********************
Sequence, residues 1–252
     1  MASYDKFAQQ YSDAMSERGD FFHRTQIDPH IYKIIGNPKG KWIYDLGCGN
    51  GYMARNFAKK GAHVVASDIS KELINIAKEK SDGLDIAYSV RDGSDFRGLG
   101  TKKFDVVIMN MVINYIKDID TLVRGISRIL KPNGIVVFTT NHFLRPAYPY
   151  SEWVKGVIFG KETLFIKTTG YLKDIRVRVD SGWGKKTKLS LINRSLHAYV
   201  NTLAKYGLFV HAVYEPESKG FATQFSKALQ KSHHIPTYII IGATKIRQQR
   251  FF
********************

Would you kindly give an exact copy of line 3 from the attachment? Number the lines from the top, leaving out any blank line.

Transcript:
    51  GYMARNFAKK GAHVVASDIS KELINIAKEK SDGLDIAYSV RDGSDFRGLG